Thirty-nine White deaf persons functioning normally within the general hearing community were surveyed on a variety of factors concerning their use of alcohol, and compared to the data from two comparable hearing samples reported previously in the literature. No significant differences were found between the deaf and heharing samples on patterns of drinking or other parameters of alcohol use. Heavier alcohol use among the deaf correlated significantly with reported frequency of driving after having drunk too much, age of having had first drink, ever having been drunk, feeling guilt over drinking too much, and others criticizing the respondent for drinking behavior. Heavier use also tended to be correlated with attendance at an all-deaf school. Implications of the findings of similar drinking patterns for the deaf and the hearing are discussed in terms of the lack of specific rehabilitation facilities for the deaf, along with possible reasons for the lack of use by deaf clients of alcohol rehabilitation agencies in the community.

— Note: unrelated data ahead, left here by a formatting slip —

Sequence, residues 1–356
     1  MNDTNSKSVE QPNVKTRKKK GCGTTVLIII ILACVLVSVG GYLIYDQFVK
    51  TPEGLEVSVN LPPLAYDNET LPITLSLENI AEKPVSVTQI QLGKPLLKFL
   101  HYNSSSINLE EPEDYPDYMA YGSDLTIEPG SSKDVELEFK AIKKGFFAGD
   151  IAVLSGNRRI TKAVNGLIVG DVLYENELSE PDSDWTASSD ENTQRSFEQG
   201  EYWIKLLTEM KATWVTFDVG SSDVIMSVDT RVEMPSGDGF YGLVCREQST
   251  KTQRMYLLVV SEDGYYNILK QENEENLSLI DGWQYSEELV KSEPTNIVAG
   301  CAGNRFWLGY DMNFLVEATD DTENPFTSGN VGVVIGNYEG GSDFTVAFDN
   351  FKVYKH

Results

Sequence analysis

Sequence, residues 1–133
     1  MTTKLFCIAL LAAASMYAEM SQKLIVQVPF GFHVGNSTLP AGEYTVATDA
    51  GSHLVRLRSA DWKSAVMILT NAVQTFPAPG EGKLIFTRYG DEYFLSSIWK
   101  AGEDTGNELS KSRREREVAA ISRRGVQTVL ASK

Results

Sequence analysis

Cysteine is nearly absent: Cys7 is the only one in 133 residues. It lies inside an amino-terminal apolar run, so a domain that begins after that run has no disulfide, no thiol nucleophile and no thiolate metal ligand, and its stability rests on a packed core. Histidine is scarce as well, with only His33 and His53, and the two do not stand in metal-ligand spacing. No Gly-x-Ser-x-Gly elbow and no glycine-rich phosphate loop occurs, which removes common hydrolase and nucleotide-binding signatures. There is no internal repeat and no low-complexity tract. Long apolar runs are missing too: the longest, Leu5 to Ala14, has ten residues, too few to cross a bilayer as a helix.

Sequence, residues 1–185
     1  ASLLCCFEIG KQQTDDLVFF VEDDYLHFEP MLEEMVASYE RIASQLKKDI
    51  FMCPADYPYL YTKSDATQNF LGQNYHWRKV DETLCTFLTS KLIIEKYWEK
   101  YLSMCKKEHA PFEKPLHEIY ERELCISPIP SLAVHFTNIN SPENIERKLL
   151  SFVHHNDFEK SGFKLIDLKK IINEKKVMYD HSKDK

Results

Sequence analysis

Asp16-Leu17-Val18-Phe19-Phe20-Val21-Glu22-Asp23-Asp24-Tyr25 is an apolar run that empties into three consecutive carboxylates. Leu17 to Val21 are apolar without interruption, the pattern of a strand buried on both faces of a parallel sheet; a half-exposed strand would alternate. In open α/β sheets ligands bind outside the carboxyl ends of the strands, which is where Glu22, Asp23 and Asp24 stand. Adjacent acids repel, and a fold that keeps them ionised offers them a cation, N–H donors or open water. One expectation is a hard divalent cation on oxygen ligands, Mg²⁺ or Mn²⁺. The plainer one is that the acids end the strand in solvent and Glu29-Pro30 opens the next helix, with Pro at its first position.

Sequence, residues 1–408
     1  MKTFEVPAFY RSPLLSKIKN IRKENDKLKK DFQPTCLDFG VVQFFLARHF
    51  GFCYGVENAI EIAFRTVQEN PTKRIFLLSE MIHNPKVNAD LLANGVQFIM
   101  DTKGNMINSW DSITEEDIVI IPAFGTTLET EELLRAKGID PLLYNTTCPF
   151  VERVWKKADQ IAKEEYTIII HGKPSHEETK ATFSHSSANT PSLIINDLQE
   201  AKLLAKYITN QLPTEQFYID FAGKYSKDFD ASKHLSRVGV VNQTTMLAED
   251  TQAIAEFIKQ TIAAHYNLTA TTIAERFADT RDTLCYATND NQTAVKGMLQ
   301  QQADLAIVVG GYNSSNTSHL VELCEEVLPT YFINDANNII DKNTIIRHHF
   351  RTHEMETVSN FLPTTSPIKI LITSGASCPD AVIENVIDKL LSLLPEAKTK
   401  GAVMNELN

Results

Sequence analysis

Publication Date



This is an Accepted Manuscript of an article published by Taylor & Francis in the American Journal of Drug and Alcohol Abuse, originally in 1979 and published online on 07 July 2009, available online: http://www.tandfonline.com/doi/abs/10.3109/00952997909007056

This research was conducted under a grant from the New York State Division of Alcoholism and Alcohol Abuse to the Alcoholism Education Development Program at Rochester Institute of Technology. ISSN:0095-2990

Note: imported from RIT’s Digital Media Library running on DSpace to RIT Scholar Works in February 2014.

Document Type


Department, Program, or Center

Psychology (CLA)


RIT – Main Campus